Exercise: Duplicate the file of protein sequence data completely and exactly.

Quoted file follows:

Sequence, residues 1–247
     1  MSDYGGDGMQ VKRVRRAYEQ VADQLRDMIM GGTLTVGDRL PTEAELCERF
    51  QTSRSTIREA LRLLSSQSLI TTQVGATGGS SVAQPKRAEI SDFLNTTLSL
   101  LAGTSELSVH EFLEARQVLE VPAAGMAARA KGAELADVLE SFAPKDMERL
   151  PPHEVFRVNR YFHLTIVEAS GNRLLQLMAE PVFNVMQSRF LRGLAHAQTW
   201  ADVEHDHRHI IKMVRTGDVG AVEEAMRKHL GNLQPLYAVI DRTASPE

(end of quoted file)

Sequence, residues 1–247
     1  MSDYGGDGMQ VKRVRRAYEQ VADQLRDMIM GGTLTVGDRL PTEAELCERF
    51  QTSRSTIREA LRLLSSQSLI TTQVGATGGS SVAQPKRAEI SDFLNTTLSL
   101  LAGTSELSVH EFLEARQVLE VPAAGMAARA KGAELADVLE SFAPKDMERL
   151  PPHEVFRVNR YFHLTIVEAS GNRLLQLMAE PVFNVMQSRF LRGLAHAQTW
   201  ADVEHDHRHI IKMVRTGDVG AVEEAMRKHL GNLQPLYAVI DRTASPE